Voices on Voting: Voting For My Daughter

By Bethany Cunningham

Bethany Cunnigham is a professor at a Pacific Northwest community college and a busy mother of two young children. You can find her running the Facebook page Take Our Daughters To Vote.

I started this election year disillusioned. Back in 2008, I wore my infant daughter on my back and put an “HOPE” button on her carrier as we put up our yard sign. Later that winter, I nursed her as we watched the inauguration, and I whispered to her downy head that she was witnessing history. Four years later, like many, I was frustrated with the lack of change. I blamed the current administration, the gridlocked congress, and the corporate interests controlling too much of public policy. I wasn’t really sure it would make a difference if I voted. I no longer live in a swing state. Would it really matter if I sat this one out?

My younger self would have found this stance unthinkable—I come from a family of voters. My grandmother was born the year women won the right to vote. For most of her adult life, she worked the polls on Election Day. A devout Catholic and gentle soul, she still identified with feminism. My mother was a stay-at-home mother and a staunch feminist who raised me to respect Susan B. Anthony right up there with the founding fathers. She took me with her to vote more than once, and she never lets me forget the anniversary of women’s suffrage. We vote. It’s what we do.

But I was angry and more than a little bit bitter. The apathy that has gripped the country had infected me too. Then came the summer and one headline after another as the War on Women heated up. I watched as gains we’ve worked years for were threatened. As choice got more compromised, as politicians tried to redefine rape, as women speaking up for birth control were called names, as women demanding equal pay were shunted to the sidelines of national conversations.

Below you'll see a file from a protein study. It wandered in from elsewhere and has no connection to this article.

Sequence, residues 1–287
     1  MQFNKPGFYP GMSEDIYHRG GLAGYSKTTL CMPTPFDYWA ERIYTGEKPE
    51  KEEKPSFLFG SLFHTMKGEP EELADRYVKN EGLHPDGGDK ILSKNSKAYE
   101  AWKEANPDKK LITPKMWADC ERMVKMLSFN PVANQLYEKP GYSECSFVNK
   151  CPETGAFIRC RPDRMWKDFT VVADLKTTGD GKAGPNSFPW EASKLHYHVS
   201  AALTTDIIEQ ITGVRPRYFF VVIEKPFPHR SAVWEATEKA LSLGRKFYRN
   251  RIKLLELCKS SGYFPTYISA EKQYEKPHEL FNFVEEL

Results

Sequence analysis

And then I realized—I can’t afford NOT to vote. It’s not just about me and how I feel about the present. It’s about my daughter and the future. It’s about the country I want her to live in—a country where women aren’t just in binders, they’re in boardrooms and medical schools and even oval offices. It’s about the Supreme Court I want for her, the judges I want deciding pay equity cases and harassment suits and rape trials all across this country.

And I finally got what my grandmother and mother were trying to tell me—we don’t vote for ourselves. We vote for our daughters. We celebrate women’s history because they marched for US. They held signs and hands and endured frozen faces, sore feet, and hateful words so that we can make it to the polls. We live right now in a world in which feminism has become a dirty word. But when we run from it, we’re also running from the struggles of our foremothers. We’re settling for less, not more.

So I’m voting for my daughter. I feel strongly enough about it that I started a facebook group: Take Our Daughters to Vote. It’s not about what party you vote for—it’s about showing girls that voting matters. Once upon a time, I got to wear my mother’s little “I voted” sticker. I want that experience for more girls. I want my daughter to grow up knowing that women’s rights matter and that it’s up to us and our actions to make sure they keep moving forward.

[NB: More people than just cis women are affected when political bodies pass legislation about reproductive health care, abortion, domestic violence, equal pay, etc.]

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One Response to “Voices on Voting: Voting For My Daughter”

  1. Donna Clark

    It doesn’t matter if you are female or male, everyone of age should vote!


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